Small Isn't Necessarily Beautiful - Microservices are fast becoming a popular architectural design pattern for DevOps teams. With these architectures, development teams have more control over the technology-stack, choosing the best tool for the job and employing APIs for messaging and integration. In the short term there are advantages, like rapid code delivery, independent deployment, development scale and fault isolation, but there are drawbacks too. As more services are added, system testing, release co-ordination and support costs can increase. Additionally, discrete data stores introduce duplication, meaning more moving parts and greater operational complexity.

Dumb Incentives Will Increase the Burden - measuring the effectiveness of development folks using metrics like lines of code produced or function points delivered can actually increase the debt -for example, by maintaining a bloated ‘rats nest' code base. Similarly in Ops, being rewarded for holding back releases or slavishly monitoring every new cloud or infrastructure component with a plethora of diagnostic tools is no way to build the scale needed to future-proof the business. Smart organizations understand that in order to realize the benefits of a highly collaborative DevOps style operation, close attention should be given to the shared development and ownership of meaningful metrics that are outcome not output centric.

Your Technical Debt Is Never ‘Done' - any software service however brilliant will always accrue some technical debt until it's decommissioned. As such, members of a true DevOps team will never ‘pass the debt buck' - using the word ‘Done' to convey that their responsibility (or accountability) has ended. On the contrary, they collectively employ system style thinking to determine how each software and infrastructure element they code, test or operate increases business value and enhances the customer experience. For these teams, everyone's mindset is geared toward improvements that transcend functional boundaries - like reliability, performance, maintainability, scalability; collectively swarming any problem that introduces more debt and compromises these goals.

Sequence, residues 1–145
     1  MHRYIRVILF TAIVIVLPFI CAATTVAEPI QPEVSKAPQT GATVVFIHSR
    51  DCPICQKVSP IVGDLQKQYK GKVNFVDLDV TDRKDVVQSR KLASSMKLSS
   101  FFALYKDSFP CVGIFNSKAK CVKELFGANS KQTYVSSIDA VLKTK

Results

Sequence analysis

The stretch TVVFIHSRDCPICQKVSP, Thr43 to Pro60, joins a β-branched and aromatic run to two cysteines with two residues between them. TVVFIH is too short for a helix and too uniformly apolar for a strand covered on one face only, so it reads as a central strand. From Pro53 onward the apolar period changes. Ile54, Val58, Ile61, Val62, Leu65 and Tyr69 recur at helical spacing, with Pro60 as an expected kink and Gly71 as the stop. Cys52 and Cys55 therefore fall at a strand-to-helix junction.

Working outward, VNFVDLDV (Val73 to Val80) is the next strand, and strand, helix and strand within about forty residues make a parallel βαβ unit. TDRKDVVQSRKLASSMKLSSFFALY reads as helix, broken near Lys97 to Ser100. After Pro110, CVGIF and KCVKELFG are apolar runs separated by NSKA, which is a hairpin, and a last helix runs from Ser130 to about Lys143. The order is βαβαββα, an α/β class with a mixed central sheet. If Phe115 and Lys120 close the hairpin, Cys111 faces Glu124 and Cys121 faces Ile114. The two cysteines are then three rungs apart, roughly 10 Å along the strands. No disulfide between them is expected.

With any IT-related trend, it's easy to get lost in hype and spin. DevOps is a journey of digital transformation, yes, but never forget this must involve clinically reviewing and paying down technical debt. For the strategic minded and disciplined among us, the pragmatic application of DevOps will pay huge dividends - for those who renege, the benefits will be whisked away by a tune of good, but misguided intentions.

More Stories By Pete Waterhouse

Pete Waterhouse, Senior Strategist at CA Technologies, is a business technologist with 20+ years’ experience in development, strategy, marketing and executive management. He is a recognized thought leader, speaker and blogger – covering key trends such as DevOps, Mobility, Cloud and the Internet of Things.

Comments (0)

Share your thoughts on this story.

Add your comment
You must be signed in to add a comment. Sign-in | Register

In accordance with our Comment Policy, we encourage comments that are on topic, relevant and to-the-point. We will remove comments that include profanity, personal attacks, racial slurs, threats of violence, or other inappropriate material that violates our Terms and Conditions, and will block users who make repeated violations. We ask all readers to expect diversity of opinion and to treat one another with dignity and respect.